Monday, September 24, 2007

The Idea Box

Wouldn't it be nice if there was a box where you could reach your hand in to retreive a wonderful idea for a book? One that called to you and inspired you so much that you just couldn't stop writing for days straight?

*pulls head from the clouds*

About a year or so ago I thought of a book title. Just a title, that's it. I but it in my notebook of things to ponder later, then I forgot about it. Well this book I've been "trying" to work on just ain't cuttin' it. So guess what pops in to my mind? That title. Then a bit about the opening situation, even the first few paragraphs. So I may go for it. Either it will turn into something, or maybe get back on the book I had INTENDED to work on.

So how do your ideas appear? A character? Plot? Title? Sentence? Climax? Backstory? Then what do you do with that tiny tidbit? What are your steps for plotting, or just diving into the story?


Paty Jager said...

My ideas come from things I see or read usually. Though the Petticoat books have come from each other.

The first one I'd given a glimpse of a character trying hard to catch the eye of a woman and I left a dangler that needed closure. Those two items worked around in my head and I came up with the premise for Outlaw in Petticoats. Then since I was giving the titles an occupation that was usually a man's I came up with Miner in Petticoat's for the third book and used one of the Halsey brothers traits from the other books to come up with a premise that would put him at odds with a woman miner. And thinking about scenes, plot points and such for this, I came up with an awesome idea for the fourth book, Doctor in Petticoats. I'm not saying any more, because it will give a way a major turning point in the third book! LOL And the fifth book, I have a title, but I'm hoping something will spin off from the fourth book.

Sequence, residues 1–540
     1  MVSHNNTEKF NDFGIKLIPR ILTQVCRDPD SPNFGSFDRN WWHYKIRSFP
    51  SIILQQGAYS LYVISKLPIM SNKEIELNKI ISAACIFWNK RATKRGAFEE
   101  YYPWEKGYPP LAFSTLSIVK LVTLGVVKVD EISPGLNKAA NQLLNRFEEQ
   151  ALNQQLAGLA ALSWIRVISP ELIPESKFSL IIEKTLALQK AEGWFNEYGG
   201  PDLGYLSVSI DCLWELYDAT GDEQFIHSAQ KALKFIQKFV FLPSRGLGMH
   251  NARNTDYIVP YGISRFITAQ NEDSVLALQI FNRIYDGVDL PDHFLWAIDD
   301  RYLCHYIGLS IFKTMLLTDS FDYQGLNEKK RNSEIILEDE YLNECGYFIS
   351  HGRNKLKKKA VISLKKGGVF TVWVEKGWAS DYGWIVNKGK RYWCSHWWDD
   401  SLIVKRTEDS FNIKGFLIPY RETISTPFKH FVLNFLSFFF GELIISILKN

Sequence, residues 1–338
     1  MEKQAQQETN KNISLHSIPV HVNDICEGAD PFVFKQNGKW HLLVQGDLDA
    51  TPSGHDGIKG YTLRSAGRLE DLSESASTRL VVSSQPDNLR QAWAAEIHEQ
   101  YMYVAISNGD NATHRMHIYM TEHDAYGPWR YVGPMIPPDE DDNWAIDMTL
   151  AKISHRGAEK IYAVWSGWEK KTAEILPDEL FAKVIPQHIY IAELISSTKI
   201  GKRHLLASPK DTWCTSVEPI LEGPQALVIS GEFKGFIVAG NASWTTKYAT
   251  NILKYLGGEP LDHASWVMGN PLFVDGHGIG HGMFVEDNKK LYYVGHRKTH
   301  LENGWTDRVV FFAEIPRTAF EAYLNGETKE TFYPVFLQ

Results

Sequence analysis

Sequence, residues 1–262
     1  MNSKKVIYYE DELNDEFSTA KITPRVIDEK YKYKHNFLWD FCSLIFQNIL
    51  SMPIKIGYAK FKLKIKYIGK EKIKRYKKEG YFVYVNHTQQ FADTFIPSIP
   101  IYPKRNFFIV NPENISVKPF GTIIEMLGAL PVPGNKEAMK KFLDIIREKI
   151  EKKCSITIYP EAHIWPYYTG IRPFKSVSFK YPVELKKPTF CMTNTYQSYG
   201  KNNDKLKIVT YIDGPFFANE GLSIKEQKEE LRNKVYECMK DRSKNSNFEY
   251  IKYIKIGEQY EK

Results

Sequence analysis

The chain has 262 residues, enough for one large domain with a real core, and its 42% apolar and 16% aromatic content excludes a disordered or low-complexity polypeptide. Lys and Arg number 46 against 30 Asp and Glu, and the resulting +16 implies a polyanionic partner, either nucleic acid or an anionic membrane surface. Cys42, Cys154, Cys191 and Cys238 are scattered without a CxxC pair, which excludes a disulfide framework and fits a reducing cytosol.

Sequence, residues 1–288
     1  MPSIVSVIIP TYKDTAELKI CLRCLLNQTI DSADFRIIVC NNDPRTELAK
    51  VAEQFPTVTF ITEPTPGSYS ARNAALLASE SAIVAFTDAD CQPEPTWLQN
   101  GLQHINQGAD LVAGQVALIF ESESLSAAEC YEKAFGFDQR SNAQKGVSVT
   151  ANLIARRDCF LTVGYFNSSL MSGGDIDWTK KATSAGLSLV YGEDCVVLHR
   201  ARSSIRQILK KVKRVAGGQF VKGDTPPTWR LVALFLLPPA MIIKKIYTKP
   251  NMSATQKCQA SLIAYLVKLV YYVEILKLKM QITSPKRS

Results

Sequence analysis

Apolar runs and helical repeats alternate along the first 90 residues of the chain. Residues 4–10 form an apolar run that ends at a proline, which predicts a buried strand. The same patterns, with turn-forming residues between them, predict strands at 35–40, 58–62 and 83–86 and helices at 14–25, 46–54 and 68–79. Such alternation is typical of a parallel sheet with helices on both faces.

As for other books, I usually see something that happened in history or, like the steam boats up the Columbia, dig into the information and come up with characters to go with the historical information I want to impart on the reader.

As for the spirit books. I've always felt a kinship to the Nez Perce having grown up in their beloved valley. So bringing their life to and their honor to others was my focus on this trilogy.

I've been known to jump back and forth on books, so I know how you feel and know you are just trying to jump start the creative flow. Good luck and I look forward to hearing how things are going!

Alice Sharpe said...

Lisa -- I hope this book just unfolds for you, and becomes what Eli calls a gimme book. Or, as Paty said, provides the jump start for your other work.

I bet I've been asked this question more than any other. Where do ideas come from? And the answer is the same for me as it is for you and I best most writers. Ideas come from...everywhere. Right? From a woman's picture, from a painting, from a song, from a piece of conversation, a newspaper article, your son's girlfriend's sister's husband's battle with the tax guys....everywhere.
Writers can't go to the store and buy tubes of words. And even if we created our own paper it wouldn't help much because we deal in a very elusive medium. Ideas. Shadows. Tricks of light.

Good luck, I'll be sending positive vibes your way...


Barbara said...

I've heard writers say the fans often come up to them and say, "I've got the best idea for a story, and I'll give it to you if you'll just write the book." Has anyone ever taken up a fan's offer of his/her idea? Did it work? Ideas seem to come cheap compared to the labor of writing a novel, and maybe ideas can only be truly developed by the person who has them. Anyway, good luck to you, Lisa. I hope this new idea will grow itself under your hands!

Piper Lee said...

Yes Lisa, it would be nice to have an idea that inspired and called so that I could write for days straight. I've even had this experience many times.

My biggest problem is the whole writing for days part. I don't have enough private/quiet time to write for days. Jeez, I wish!

I'm hoping, someday, when my kids are grown and gone that I'll have more days to myself and that the DH will have someplace he can be in the house that's FAR AWAY from me!!! (Well, when I'm writing, anyway.)

Like Alice said, ideas come from everywhere.